But during the pandemic, remote work exploded — and there may be no going back to business as usual. For example, a recent Upwork study found that by 2025, over 36 million US citizens will be working remotely, an 87 percent increase from pre-pandemic times.
Of course, most remote workers are likely to remain in their home countries. But a shortage of talent at home and the productivity gains companies have experienced from teleworking in the past year and a half have made managers more open to the idea of allowing work from anywhere. And some employees are thrilled at the prospect of decamping to a sunny Caribbean island or a flat in the heart of a European capital.
“A lot of younger-generation workers would like to work from a café in Italy, because they can. Today’s technology allows them to connect and collaborate across borders,” says Jason Mendelsohn, global mobility director at Vistra.
In addition, the dynamics of hiring visa workers have changed, with more choosing or needing to remain in their home countries.
“During Covid, many workers on visas moved back home to be with their families,” says JP Gooch, vice president of EOR operations at Vistra.
And as visa restrictions multiplied — for both pandemic-related and political reasons — local nationals who once would have moved cross-continent to be closer to their employer have had to remain at home.
All of these trends have combined to produce a larger number of workers clocking in from afar, leading employers to a new hiring paradigm. “We call it ‘employment portability,’” Mendelsohn says.
Choosing an employment solution
The primary means of paying workers in any country is through a legal entity, such as a subsidiary or branch. Establishing a legal entity provides flexibility and lowers compliance risks, but it can be time-consuming and expensive. In short, it may not be the best option for paying remote workers, depending on the length of their assignments, the activities performed, local laws and other factors.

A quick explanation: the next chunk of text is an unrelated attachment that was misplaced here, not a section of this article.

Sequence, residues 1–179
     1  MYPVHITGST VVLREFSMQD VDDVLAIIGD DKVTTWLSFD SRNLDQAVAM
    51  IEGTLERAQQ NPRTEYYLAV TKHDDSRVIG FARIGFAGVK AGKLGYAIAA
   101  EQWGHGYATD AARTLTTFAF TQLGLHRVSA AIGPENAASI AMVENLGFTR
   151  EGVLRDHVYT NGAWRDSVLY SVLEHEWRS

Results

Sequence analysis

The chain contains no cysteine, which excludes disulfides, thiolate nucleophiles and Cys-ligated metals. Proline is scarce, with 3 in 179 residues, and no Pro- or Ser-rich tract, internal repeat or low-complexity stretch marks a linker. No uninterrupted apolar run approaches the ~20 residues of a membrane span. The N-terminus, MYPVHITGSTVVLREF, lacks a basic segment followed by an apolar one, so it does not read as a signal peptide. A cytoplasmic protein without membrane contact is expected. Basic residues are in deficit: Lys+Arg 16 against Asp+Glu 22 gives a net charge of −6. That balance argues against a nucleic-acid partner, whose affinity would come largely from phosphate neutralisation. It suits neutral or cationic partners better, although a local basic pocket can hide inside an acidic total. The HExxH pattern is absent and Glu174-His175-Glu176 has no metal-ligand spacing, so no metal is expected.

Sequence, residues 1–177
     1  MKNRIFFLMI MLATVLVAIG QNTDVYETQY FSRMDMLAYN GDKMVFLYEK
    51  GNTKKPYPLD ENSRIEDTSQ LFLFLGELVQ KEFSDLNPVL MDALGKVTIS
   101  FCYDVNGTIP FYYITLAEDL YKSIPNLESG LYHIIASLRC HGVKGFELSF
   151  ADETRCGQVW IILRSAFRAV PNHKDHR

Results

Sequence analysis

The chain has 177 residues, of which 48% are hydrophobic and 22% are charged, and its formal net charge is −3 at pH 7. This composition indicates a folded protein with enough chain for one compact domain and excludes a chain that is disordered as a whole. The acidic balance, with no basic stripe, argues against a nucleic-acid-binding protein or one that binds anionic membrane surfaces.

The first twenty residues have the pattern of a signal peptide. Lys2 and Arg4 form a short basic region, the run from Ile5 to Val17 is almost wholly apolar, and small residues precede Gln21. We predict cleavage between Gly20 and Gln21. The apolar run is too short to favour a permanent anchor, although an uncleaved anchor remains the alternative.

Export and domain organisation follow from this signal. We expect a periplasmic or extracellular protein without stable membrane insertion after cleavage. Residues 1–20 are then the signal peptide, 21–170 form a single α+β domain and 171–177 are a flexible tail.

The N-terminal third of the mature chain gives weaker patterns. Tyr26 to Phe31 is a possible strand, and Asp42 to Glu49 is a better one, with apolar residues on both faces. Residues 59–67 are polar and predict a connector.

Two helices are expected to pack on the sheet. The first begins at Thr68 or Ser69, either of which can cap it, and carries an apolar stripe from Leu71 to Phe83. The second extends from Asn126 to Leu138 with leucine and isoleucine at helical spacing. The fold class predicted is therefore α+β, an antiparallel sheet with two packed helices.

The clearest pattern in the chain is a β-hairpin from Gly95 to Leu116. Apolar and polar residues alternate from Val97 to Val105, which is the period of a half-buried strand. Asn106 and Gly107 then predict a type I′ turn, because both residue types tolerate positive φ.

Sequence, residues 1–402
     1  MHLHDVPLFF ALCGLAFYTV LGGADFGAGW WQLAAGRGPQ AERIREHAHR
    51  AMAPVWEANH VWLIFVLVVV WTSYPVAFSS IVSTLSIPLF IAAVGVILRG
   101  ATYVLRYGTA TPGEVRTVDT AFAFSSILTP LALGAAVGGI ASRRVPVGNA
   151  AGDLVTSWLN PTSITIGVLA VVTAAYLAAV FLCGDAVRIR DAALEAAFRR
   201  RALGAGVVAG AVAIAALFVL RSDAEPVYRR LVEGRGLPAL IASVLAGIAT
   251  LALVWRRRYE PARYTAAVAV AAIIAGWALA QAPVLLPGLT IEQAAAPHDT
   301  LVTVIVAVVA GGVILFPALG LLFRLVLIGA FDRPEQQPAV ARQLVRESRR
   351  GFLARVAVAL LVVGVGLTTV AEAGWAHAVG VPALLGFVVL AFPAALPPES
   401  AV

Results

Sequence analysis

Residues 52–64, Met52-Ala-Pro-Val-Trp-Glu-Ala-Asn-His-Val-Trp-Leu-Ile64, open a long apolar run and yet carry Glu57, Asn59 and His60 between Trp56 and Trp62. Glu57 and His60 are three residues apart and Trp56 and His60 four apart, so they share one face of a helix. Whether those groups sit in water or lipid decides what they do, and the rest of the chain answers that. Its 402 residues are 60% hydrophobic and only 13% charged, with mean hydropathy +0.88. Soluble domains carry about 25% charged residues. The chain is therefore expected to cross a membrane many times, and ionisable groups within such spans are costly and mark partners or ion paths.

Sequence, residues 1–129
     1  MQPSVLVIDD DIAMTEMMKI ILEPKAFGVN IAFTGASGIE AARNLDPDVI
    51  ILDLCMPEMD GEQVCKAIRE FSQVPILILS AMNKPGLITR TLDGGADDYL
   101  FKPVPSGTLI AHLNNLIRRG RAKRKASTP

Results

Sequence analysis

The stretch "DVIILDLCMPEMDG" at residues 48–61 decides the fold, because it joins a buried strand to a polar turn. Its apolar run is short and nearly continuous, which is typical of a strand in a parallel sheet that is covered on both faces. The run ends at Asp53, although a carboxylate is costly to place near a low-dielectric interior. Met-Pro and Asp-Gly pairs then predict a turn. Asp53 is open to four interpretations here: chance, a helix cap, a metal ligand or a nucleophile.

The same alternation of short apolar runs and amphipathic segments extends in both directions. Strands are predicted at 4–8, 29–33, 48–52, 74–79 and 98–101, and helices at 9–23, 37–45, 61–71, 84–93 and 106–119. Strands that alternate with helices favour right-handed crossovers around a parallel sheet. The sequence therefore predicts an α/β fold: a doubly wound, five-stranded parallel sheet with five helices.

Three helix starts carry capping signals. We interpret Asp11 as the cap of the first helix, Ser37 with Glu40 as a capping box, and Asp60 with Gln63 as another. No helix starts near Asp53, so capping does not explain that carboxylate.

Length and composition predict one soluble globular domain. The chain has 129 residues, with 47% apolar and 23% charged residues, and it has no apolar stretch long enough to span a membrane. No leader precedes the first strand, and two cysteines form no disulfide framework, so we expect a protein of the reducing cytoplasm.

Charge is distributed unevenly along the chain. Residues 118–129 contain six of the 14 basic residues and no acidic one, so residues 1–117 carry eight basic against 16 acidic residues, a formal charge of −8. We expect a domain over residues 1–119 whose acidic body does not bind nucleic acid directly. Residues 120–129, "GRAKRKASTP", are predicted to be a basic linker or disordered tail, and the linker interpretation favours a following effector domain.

Apart from establishing a local legal entity, employers have three main options for hiring and paying cross-border remote workers: registering as a non-resident employer, using an employer of record company (sometimes called an international professional employer organization, or PEO), or hiring independent contractors. Choosing the right solution involves considering the employee’s circumstances, the country’s regulations and the employer’s risk tolerance.
For home workers sent abroad on short-term assignment in a country where the employer does not have a legal presence, the simplest option may be to register as a non-resident employer (NRE) and keep the worker on the home-country payroll. NGOs and universities often send staffers abroad temporarily for research projects, and private companies may have short-term business interests abroad.
“If someone from the US is working in Canada for less than six months, you’re not switching their employment to Canada. You don’t need to pay them local benefits, and their social security is covered by a reciprocal agreement between the two countries,” says Bill Kirwan, vice president, advisory at Vistra.
It’s important to check local rules when performing due diligence in this area, as some countries don’t allow NREs. Tax residency rules can also come into play. Switzerland, for example, considers workers who stay over 90 days to be residents for tax purposes. Many other countries start to impose tax liabilities after 183 days.
For longer term assignments or local-national hires, using an employer of record (EOR) firm is a better solution. The EOR firm hires the workers, manages payroll, and accounts for and pays any locally required benefits, which may include paid holidays, vacation time, medical benefits, maternity and paternity leave, and others specific to the country. The company that has hired the EOR firm manages the workers’ job duties and performance and pays the EOR for employment administration and benefits services.